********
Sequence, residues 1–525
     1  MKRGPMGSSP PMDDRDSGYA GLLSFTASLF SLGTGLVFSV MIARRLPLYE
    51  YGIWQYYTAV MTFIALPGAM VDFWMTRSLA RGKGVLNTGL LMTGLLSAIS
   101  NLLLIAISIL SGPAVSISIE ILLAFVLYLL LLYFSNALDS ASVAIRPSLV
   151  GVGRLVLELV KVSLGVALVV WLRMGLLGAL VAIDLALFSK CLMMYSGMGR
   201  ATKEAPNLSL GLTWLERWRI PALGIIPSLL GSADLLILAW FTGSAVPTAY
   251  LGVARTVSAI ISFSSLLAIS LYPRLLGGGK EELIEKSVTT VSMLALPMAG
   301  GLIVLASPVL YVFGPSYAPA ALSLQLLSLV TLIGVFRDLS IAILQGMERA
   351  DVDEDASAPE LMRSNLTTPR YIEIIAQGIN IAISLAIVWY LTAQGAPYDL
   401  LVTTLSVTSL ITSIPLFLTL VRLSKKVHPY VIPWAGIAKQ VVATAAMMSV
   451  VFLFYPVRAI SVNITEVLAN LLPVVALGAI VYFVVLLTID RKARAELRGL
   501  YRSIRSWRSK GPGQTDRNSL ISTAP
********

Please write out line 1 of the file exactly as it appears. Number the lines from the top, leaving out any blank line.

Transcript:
Sequence, residues 1–525